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Prioritise, Field Best Candidates And Improve Women’s Representation In Penang – WCC

Regardless of any political shifts, women, children, and gender issues must be given priority by the state government.

Chong Eng, current caretaker Penang EXCO member for social development, at the opening of Taman Rimba Bandar WoodHaven in Seberang Perai. Photo taken from Chong Eng’s Facebook page dated June 28, 2023.

As the nomination of candidates for Penang’s upcoming state elections draws near, the Women’s Centre for Change (WCC) would like to call on all political parties to prioritise issues involving women, children, and gender; to field the best candidates among their ranks of members, regardless of their gender, to lead these issues within the state; and last but not least, to field more women candidates in order to improve women’s representation as a whole in the State Legislative Assembly (DUN) and State Executive Council (EXCO).

With the formation of the unity government at the federal level, changes in the state government lineups are inevitable. Political parties are revising their strategies, including calling for fresh faces in the state elections.

Regardless of all these shifts, women, children, and gender issues must be given priority by the state government.

Therefore, it is critical to have strong and effective leaders on these issues in the DUN and EXCO lineups, whether they be women or men.

Chong Eng, the current caretaker Penang EXCO member for social development has set an example of a competent and gender sensitive leader.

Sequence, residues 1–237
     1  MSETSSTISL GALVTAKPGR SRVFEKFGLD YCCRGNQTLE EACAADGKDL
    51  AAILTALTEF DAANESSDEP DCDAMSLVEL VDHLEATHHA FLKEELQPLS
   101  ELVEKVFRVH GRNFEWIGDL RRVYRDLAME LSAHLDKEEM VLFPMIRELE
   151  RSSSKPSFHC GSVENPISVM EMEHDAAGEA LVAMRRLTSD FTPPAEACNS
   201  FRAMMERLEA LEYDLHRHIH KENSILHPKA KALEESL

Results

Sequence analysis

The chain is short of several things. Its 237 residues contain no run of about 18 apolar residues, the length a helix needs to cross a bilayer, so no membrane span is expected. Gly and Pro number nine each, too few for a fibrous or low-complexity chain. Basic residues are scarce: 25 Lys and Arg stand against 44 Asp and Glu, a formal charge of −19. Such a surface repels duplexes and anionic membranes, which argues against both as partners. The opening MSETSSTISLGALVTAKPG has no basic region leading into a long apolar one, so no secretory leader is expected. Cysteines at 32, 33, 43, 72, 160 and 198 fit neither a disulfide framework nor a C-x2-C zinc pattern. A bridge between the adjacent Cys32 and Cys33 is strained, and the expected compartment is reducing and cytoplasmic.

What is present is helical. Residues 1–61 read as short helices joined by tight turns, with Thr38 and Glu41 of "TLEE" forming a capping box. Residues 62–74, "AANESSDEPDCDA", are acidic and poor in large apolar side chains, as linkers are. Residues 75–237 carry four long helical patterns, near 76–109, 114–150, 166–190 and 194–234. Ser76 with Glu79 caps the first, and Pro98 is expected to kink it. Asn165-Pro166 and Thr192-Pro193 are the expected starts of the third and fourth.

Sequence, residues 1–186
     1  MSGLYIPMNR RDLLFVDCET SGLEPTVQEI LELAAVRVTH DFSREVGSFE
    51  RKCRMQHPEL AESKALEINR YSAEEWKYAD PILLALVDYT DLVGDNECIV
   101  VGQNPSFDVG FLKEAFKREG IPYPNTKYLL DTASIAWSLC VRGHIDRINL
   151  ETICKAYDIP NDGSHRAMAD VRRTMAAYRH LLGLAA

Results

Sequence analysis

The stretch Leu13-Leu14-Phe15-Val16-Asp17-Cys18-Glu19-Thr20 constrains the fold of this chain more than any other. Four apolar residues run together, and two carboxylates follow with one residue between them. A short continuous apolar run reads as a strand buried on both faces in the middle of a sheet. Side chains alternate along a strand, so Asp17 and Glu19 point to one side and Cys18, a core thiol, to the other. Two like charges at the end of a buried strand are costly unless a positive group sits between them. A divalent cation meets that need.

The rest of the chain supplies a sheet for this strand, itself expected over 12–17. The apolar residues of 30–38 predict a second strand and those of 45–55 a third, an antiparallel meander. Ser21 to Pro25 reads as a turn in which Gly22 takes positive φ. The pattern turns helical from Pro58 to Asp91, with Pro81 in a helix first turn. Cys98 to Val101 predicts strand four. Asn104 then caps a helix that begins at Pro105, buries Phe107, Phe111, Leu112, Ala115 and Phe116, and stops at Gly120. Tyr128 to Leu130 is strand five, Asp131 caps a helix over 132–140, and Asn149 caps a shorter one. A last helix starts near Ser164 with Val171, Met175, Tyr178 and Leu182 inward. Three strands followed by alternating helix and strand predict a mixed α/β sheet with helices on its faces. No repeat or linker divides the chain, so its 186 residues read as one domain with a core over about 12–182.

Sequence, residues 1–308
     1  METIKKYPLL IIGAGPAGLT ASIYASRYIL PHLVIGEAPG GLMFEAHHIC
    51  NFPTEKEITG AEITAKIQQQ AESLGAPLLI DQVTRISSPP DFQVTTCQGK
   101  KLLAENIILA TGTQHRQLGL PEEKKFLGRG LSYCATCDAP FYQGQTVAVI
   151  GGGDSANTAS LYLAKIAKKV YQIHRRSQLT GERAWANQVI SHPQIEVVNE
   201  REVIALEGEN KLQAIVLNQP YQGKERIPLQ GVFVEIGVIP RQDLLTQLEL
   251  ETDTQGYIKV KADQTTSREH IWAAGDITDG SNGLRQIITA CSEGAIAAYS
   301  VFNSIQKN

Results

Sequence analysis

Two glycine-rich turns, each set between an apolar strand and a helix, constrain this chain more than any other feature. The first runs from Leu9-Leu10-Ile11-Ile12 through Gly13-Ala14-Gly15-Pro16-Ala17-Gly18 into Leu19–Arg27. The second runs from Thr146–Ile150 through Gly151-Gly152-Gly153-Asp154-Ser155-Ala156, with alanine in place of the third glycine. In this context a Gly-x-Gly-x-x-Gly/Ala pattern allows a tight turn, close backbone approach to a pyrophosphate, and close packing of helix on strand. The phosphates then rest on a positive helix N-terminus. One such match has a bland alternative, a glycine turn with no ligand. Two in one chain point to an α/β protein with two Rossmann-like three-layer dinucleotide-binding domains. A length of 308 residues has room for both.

Under her portfolio, Pusat Perkhidmatan Wanita Seberang Perai (PPW), a smart partnership project funded by the Penang state government and managed by WCC, was set up to help underserved women and children on the mainland of Penang, especially victims of domestic and sexual violence. 

The first of its kind in Malaysia, PPW has supported over 60,000 people in its 14 years of operations. During the Covid-19 pandemic in 2020, Chong spearheaded the launch of Penang’s Safe Family Policy to combat domestic violence, under which WCC has worked closely with the state government to train hundreds of First Support Points (FSPs) from various agencies and NGOs to handle victims on the ground.

To continue Penang’s good performance on women, children, and gender issues, we urge political parties to field candidates with the best levels of knowledge, skills, and experience in these areas.

The lack of such competencies among leaders assigned to these portfolios will hamper or delay progress for women and children (who already suffer from violence and discrimination of various forms) in our state policies and programmes.

Last but not least, it is our hope that under the Madani government, Penang will finally achieve the minimum critical mass of 30 per cent women’s representation in our DUN and EXCO lineups, towards social and political equality in state decision making.       

WCC is an NGO that offers assistance to women and children who are abused, raped or sexually assaulted. 

  • This is the personal opinion of the writer or publication and does not necessarily represent the views of Ova.   


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